HOUSTON, Texas (KTRK) -- The family of Rhogena Nicholas, the woman killed in her home during a controversial drug raid by Houston police, says the plan to introduce new findings, according to the family's attorney Michael Patrick Doyle.
Nicholas' family is set to appear in probate court for a hearing in the case at 1:30 p.m. on Friday, Dec. 18.
According to a release by the Doyle LLP and St. Martin & Bourque LLC law firms, "In a ruling Monday, Judge Jerry Simoneaux of Harris County Probate Court No. 1 denied the city's latest attempt to withhold evidence of the incident from the family of Rhogena Nicholas, who was killed along with her husband, Dennis Tuttle, on Jan. 28, 2019. In earlier rulings, the Texas Supreme Court twice rejected the city's attempts to stop the probate court, which routinely handles wrongful death and probate cases, from proceeding with the Nicholas family's petition to investigate the incident."
Doyle said that during Friday's hearings they will present new findings from their own investigation and present witness testimony from a family member, from expert witnesses and from a representative of the Houston Police Department.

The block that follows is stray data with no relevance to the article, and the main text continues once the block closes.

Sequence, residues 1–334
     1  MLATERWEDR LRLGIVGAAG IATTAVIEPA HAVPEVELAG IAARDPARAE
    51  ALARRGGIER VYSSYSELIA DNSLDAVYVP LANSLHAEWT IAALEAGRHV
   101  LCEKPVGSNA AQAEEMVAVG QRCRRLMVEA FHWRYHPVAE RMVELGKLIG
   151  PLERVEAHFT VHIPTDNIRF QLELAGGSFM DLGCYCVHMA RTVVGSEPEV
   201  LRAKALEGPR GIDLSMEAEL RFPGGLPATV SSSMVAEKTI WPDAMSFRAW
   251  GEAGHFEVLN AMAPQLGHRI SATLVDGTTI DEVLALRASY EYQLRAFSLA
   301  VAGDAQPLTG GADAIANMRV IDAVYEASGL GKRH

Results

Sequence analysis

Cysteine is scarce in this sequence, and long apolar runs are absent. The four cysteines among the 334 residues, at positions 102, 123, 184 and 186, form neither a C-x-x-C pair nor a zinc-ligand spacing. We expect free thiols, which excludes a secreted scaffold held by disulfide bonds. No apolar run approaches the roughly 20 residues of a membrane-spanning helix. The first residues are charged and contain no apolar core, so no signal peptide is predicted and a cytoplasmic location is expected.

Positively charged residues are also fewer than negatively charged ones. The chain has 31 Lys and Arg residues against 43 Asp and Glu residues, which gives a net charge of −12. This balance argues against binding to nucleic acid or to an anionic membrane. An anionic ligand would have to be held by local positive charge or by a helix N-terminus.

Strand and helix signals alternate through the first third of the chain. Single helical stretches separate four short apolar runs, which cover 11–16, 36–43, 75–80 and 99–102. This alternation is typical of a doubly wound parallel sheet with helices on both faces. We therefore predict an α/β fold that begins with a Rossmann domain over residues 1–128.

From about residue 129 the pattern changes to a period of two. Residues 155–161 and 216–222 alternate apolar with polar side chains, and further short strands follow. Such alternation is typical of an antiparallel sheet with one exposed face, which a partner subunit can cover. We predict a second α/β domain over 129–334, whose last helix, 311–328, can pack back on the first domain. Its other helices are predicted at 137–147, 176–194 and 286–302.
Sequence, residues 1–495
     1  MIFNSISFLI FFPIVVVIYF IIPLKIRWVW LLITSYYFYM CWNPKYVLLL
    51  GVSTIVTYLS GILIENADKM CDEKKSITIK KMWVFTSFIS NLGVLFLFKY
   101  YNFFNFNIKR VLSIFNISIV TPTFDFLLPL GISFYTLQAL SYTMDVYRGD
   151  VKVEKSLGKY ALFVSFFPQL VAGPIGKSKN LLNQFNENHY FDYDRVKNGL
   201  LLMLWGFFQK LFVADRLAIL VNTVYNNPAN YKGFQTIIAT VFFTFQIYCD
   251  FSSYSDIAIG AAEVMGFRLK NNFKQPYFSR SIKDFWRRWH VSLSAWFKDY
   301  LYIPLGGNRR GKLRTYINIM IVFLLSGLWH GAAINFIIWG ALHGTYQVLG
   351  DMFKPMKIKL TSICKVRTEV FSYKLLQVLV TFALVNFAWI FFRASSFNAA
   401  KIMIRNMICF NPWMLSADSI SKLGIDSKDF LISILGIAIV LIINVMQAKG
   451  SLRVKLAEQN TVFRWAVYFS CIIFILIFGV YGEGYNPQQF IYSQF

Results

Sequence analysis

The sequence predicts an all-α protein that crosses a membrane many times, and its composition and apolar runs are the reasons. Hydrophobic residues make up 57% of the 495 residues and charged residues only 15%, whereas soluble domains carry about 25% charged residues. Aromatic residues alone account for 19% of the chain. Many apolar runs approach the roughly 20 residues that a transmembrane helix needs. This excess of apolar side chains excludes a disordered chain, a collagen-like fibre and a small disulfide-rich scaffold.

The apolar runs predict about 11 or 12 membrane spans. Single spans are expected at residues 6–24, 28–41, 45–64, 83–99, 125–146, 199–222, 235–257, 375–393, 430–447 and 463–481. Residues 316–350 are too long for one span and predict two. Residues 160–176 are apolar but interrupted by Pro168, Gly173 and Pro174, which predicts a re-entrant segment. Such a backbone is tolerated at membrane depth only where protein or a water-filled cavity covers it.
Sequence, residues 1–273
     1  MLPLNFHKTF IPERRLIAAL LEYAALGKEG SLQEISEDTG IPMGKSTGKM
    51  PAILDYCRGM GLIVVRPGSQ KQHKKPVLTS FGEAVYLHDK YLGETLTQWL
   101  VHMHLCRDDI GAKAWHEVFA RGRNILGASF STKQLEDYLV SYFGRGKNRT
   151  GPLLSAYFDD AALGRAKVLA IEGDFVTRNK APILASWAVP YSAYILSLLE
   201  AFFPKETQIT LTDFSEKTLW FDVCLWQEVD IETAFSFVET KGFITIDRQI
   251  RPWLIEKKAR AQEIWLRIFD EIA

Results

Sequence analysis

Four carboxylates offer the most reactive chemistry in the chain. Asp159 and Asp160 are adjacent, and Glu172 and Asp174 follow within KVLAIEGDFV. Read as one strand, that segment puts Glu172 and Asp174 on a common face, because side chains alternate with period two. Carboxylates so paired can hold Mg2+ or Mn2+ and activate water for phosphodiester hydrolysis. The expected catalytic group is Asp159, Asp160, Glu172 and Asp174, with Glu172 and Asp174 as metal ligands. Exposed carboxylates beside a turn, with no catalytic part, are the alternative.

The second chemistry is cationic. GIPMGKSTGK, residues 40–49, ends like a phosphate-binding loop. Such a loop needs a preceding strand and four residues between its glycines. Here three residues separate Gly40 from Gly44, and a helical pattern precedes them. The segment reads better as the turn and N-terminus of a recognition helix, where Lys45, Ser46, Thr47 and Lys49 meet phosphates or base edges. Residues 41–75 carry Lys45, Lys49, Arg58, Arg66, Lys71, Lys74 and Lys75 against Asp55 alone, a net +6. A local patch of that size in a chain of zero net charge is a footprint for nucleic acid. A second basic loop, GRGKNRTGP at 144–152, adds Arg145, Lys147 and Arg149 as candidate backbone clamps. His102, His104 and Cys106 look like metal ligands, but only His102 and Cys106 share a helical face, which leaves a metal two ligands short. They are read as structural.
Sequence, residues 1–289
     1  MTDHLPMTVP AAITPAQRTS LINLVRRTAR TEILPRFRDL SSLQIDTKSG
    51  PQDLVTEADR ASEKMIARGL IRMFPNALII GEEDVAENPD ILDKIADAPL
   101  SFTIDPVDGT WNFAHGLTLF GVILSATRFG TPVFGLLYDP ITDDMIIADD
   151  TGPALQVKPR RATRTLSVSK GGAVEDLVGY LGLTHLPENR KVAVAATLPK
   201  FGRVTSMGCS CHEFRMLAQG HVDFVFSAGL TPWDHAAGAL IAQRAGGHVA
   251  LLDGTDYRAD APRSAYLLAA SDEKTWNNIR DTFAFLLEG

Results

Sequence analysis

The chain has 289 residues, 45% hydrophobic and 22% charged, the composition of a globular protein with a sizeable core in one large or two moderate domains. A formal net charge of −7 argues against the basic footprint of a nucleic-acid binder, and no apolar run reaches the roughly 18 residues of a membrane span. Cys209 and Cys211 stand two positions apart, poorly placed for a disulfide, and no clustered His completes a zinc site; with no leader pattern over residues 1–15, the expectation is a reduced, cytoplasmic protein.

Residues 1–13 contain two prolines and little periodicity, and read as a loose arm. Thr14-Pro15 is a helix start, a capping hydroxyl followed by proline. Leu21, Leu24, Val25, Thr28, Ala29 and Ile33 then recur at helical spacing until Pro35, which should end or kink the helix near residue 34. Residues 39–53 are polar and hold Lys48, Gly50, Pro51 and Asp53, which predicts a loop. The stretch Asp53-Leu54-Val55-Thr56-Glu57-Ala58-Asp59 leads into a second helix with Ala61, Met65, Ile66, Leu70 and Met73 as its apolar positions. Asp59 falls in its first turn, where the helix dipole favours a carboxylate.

"The Nicholas family is grateful to be moving forward with our investigation. From the beginning, the city's story about the incident has never made sense. It's time for the cover-up to end," said Doyle.
Nicholas and Tuttle were killed in their home on Harding Street. Officers were serving a drug warrant that was later determined to be based on the word of an informant who never actually went to the house.
Relatives of Nicholas have now filed a brief asking the Texas Supreme Court to "force an end to the 19-month coverup of the incident by the City of Houston."
An attorney for the family claims the city does not have any legal precedent to withhold the testimony and evidence from relatives.
In addition, Nicholas' family said they are looking for a court order for sworn depositions of HPD managers responsible for the narcotics unit involved in the raid, including HPD Capt. Paul Q. Follis and HPD Lt. Marsha Todd.
The video provided at the top of this article is from a previous report.